The Everymen

Givin' Up on Free Jazz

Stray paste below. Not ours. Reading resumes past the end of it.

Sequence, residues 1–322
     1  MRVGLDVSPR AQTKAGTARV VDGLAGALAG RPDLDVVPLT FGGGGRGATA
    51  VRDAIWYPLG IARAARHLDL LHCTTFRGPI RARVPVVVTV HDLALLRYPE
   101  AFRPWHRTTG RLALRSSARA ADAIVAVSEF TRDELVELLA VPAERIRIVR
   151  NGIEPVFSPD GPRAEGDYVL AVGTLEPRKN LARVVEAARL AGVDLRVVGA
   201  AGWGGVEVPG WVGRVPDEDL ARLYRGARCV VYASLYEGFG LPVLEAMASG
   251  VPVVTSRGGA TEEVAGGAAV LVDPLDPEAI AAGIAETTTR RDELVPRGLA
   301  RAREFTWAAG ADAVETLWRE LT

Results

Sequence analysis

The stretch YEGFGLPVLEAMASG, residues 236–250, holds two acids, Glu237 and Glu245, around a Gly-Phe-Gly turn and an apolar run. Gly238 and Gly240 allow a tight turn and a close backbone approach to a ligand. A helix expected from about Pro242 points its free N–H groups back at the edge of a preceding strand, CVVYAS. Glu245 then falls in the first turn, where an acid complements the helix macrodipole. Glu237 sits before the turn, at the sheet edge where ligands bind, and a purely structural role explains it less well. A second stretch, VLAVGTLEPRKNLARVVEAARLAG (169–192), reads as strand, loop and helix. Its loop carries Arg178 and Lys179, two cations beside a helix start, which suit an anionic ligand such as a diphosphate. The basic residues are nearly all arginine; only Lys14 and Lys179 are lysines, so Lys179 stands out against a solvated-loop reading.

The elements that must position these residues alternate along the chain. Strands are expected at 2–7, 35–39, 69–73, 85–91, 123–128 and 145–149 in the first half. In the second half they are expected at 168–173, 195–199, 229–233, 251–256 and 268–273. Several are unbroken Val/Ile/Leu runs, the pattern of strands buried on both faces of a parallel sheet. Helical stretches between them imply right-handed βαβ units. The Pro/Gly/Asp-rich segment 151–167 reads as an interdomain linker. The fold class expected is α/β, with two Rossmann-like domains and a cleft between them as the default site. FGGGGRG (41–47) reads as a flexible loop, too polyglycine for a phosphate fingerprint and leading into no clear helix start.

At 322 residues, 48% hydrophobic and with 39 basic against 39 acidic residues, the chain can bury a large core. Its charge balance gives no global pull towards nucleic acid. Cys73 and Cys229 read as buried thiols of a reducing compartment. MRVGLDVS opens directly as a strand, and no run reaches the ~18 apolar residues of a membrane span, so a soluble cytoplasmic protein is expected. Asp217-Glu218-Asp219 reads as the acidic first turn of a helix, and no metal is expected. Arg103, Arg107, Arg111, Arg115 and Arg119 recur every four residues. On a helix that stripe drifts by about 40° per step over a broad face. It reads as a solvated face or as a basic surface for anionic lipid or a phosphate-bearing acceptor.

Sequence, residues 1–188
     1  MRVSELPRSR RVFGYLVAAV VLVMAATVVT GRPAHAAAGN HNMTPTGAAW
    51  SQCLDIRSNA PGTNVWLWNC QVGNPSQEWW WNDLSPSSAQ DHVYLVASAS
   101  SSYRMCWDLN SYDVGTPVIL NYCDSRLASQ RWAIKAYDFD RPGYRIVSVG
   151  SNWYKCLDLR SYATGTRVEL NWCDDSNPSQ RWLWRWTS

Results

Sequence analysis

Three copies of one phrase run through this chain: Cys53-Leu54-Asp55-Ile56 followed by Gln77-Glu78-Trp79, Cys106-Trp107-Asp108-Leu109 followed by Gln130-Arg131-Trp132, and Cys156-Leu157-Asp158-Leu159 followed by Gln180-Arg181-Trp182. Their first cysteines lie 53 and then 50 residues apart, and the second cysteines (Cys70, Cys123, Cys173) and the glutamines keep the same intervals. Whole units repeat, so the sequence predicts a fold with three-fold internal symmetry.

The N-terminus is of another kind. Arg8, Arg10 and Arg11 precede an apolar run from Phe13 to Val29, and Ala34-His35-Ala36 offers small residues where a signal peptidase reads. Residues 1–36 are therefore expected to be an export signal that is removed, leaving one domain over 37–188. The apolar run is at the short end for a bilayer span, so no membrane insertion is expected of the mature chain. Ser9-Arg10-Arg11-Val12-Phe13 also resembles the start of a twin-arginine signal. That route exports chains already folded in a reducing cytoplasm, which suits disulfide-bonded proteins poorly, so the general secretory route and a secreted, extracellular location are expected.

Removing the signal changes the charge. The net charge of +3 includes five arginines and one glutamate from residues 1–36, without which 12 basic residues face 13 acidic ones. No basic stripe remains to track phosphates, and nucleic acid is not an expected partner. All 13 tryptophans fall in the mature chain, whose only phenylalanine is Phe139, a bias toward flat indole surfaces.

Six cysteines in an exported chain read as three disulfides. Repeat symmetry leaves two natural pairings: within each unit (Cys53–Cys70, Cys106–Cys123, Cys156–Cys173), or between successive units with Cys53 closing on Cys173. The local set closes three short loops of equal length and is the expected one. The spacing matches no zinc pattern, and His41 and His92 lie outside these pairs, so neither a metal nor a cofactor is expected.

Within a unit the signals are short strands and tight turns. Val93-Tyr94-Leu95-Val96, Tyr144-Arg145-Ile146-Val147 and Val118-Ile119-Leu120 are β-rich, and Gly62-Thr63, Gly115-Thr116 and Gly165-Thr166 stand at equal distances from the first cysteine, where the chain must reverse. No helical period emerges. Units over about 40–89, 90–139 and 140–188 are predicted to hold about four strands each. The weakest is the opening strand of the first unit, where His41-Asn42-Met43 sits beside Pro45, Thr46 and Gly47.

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Jazz is one of the few genres that doesn't figure into the Everymen's sophomore album, Givin' Up on Free Jazz, though they sure make a spirited run through rock & roll of the '50s and '60s, R&B, jump blues, soul, hard rock, punk, and a few spaces in between that might require testing in order to accurately determine their origin. What comes through most clearly on Givin' Up on Free Jazz is that the Everymen are a show band, an act eager to please their audience with sweat, swagger, and passion, and on this album's best moments, like the Springsteen-esque "A Girl Named Lou, Pt. 2," the 50's-styled "Fingers Crossed," and the soul-shot "Ain't Good Enough for You," you can all but feel the musicians dancing, pumping their fists, and tossing their axes around as they work the crowd. In an age of studied cool and polished choreography, the Everymen's commitment to old-fashioned entertainment fused with a 21st energy and crunch is admirable and winning, and it doesn't hurt one bit that bandleader Mike V. (aka Michael Venutolo-Mantovani) is also a solid songwriter. Here, Mike V. fuses old-school sounds with personal, direct-from-the-heart lyrics that play like musings from a Jersey guy who has ideas of his own but honors the traditions and obsessions of his musical forefathers (many of whom get namechecked in "NJHC," from Frank Sinatra to Glenn Danzig). Mike's band can deliver the goods, too, especially co-lead vocalist Catherine Herrick, drummers Jake Fiedler and Stephen Chopek, and horn men Will Hoffman and Scott Zillitto, all of whom can punch and swing with authority, and the production hits the right balance between polish and rowdy enthusiasm. Maybe the Everymen don't get free jazz, but they know rock & roll very well indeed, and on Givin' Up on Free Jazz, they're determined to make folks feel good, and they succeed admirably.

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